The distinctive topography of the Maldives – an archipelago of more than 1,200 small islands – allows for a strict demarcation of function. One island houses the two square kilometre capital, Male’, while an adjacent one serves as the international airport. Then there is an island to store fuel, another to serve as a rubbish dump, a further 199 or so ‘inhabited’ islands for the local population, and 80 others containing individual tourist resorts. There is also an island for detaining and torturing political prisoners.
The view from the air is spectacular. The islands are grouped into 26 white atolls in two north-south chains set in a vivid blue sea. Most local people circulate between them in traditional flat-bottomed dhonis and many earn their living by fishing for tuna. But since the 1970s the dominant industry has been tourism: more than half a million visitors arrive each year. Most are fairly well-heeled. The Rania resort, for example, charges $10,000 a night and the world’s largest private yacht, owned by Microsoft billionaire Paul Allen, can be seen gliding around. Geographical apartheid helps to keep the hedonistic tourists away from the largely Muslim population.
The tourist dollar has transformed the Maldives into the most prosperous country in South Asia – providing around a third of government revenue, as well as funnelling cash into the pockets of well-connected politicians who own resorts. But it has also been used to improve social services which, given the scattered nature of the population, are expensive to deliver and, as a result, both health and education standards have been rising, and poverty falling.
Development in the Maldives has been rapid but uneven. For one thing it relies heavily on migrant workers, mostly from Bangladesh, India and Sri Lanka, who account for more than a quarter of the labour force. Migrants make up two-thirds of secondary school teachers, for example, and most of the doctors, as well as half the staff in the tourist resorts. They are also the main source of sweated labour, clambering around the capital’s many construction sites.
Rapid development has also been socially disruptive. Family life has always been provisional. The Maldives has the world’s highest divorce rate: half of women aged 50 and above have been married four or more times – a reflection of the disapproval of extra-marital affairs combined with the ease of divorce. Added to this now are the aspirations of a newly educated generation who, bored or frustrated, are leaving the atolls for Male’. A further source of disruption is drugs: in recent years many islands have been swamped with heroin, while many children also drink ‘cola water’ (eau-de-cologne diluted with soft drinks).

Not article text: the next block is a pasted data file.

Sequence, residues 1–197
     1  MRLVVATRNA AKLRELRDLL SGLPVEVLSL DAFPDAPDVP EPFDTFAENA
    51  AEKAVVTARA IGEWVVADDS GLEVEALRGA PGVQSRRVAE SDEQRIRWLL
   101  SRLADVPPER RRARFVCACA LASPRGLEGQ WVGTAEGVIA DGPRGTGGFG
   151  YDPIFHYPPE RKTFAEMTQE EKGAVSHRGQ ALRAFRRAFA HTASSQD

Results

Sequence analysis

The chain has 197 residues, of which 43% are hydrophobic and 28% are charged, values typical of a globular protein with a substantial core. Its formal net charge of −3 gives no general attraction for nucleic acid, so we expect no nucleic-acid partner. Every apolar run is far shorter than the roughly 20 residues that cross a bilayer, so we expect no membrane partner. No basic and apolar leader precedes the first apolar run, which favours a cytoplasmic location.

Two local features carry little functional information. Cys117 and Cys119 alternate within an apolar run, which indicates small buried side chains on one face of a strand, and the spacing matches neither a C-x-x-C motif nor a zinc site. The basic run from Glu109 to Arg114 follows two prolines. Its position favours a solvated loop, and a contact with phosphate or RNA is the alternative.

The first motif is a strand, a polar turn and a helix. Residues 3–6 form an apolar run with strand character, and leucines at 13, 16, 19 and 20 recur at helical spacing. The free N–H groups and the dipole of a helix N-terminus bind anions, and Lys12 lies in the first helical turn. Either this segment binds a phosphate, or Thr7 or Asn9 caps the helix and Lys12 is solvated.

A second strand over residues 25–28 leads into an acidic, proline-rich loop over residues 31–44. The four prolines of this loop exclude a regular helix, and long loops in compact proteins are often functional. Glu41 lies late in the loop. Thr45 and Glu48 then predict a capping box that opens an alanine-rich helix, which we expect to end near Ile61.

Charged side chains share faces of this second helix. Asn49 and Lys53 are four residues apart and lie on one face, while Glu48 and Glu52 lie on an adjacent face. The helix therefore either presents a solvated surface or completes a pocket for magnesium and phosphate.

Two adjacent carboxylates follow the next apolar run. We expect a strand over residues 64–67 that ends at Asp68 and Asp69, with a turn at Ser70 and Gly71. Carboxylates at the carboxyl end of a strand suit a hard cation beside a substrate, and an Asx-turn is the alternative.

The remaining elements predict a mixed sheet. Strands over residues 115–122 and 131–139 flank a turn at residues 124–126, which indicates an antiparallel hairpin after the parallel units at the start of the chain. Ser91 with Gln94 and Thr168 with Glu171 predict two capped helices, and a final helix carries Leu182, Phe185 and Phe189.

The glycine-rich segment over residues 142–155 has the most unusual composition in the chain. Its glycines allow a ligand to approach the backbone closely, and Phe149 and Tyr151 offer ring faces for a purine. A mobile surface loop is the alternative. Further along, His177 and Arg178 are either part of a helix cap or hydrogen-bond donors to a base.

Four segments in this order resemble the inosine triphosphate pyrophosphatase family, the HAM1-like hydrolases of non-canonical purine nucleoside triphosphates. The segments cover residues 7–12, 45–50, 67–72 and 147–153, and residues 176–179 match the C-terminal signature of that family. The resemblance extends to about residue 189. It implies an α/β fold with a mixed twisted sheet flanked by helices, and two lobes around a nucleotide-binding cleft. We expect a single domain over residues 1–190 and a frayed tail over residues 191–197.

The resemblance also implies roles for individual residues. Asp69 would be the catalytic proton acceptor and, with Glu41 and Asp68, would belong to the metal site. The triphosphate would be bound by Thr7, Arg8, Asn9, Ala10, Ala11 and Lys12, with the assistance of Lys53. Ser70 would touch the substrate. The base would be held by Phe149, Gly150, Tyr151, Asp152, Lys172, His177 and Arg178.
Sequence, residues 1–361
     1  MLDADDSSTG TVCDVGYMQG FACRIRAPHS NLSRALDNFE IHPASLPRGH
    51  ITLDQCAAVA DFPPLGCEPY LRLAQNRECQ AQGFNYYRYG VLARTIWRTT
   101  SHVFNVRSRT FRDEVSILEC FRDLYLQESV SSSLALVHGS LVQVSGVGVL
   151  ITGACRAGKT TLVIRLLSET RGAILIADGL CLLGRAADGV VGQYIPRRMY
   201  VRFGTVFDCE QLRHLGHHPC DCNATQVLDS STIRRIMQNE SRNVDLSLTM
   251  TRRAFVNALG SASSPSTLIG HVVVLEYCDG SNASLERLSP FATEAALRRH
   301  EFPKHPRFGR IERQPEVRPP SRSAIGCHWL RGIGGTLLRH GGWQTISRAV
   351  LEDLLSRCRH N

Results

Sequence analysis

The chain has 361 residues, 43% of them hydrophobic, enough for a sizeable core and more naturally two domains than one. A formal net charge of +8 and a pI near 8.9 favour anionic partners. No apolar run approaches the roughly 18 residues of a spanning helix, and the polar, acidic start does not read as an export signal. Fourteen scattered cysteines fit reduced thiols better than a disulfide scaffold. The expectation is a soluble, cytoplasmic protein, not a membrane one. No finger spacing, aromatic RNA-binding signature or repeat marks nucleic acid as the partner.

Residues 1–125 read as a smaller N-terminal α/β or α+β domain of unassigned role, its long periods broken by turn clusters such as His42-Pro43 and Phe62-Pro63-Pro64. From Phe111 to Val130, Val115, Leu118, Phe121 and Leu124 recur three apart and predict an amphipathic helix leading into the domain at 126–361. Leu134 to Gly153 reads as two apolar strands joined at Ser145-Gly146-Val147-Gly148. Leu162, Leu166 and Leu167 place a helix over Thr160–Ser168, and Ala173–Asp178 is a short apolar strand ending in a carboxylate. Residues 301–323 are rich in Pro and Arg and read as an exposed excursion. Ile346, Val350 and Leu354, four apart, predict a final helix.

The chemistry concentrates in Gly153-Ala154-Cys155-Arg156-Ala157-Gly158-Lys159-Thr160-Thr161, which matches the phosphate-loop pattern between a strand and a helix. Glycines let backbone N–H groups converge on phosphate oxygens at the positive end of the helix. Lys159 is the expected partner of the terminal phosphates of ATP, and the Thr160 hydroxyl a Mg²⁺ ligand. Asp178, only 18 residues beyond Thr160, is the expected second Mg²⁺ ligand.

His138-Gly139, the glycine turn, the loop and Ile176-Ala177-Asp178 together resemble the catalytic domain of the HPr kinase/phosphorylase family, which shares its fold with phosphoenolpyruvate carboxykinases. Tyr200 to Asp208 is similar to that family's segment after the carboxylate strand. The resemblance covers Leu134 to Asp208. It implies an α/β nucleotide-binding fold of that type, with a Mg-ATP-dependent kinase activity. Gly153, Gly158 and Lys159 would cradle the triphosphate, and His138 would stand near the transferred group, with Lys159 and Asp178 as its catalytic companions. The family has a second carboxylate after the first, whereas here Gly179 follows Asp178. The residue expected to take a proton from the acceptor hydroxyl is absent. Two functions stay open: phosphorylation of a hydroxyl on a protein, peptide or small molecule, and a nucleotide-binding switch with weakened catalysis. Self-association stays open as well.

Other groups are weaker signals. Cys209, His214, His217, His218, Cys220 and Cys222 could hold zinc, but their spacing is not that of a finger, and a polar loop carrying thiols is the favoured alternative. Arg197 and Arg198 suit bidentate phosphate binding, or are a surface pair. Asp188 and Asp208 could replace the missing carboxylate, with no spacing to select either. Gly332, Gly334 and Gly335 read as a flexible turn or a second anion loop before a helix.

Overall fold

Jeremy Horner / Panos / www.panos.co.uk
The Maldives suffered a serious blow in December 2004 when the Asian Tsunami washed across islands most of which rise no more than one metre from the sea. Fortunately, the unique conformation of the atolls deflected and diffracted the waves and only 82 people died (many washed out to sea in the first wave were carried back in the second). The infrastructure was, however, badly damaged and many tourist resorts are still closed.
Most young people in the Maldives have known only one dictatorial ruler: Maumoon Abdul Gayoom. First elected in 1978, he has had six successive terms of office, ensured through a mixture of constitutional guile and violent repression. The Majlis (a parliament packed with Gayoom’s cronies) selected a single presidential candidate whom it offered to the voters in a yes-no referendum: guess who. Just to be sure, Gayoom also took the precaution of banning political parties and independent newspapers, radio or TV. He has also regularly imprisoned prominent dissidents. As a result, the Maldivian Democratic Party, led by Mohamed Nasheed, has had to operate from exile in Sri Lanka.
Under international pressure, Gayoom has in the last few years been pushed towards democratic reforms (see Politics, below). But he still seems determined to cling on.
|Human Development Index|
|Last profiled||September 1989|
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